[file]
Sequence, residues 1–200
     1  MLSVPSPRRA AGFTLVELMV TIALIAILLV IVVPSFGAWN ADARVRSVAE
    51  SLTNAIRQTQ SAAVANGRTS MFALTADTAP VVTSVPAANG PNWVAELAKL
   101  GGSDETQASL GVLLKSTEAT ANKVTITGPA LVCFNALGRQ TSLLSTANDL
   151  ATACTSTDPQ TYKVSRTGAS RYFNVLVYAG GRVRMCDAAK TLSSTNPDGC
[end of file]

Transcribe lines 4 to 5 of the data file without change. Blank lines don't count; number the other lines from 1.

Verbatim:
   101  GGSDETQASL GVLLKSTEAT ANKVTITGPA LVCFNALGRQ TSLLSTANDL
   151  ATACTSTDPQ TYKVSRTGAS RYFNVLVYAG GRVRMCDAAK TLSSTNPDGC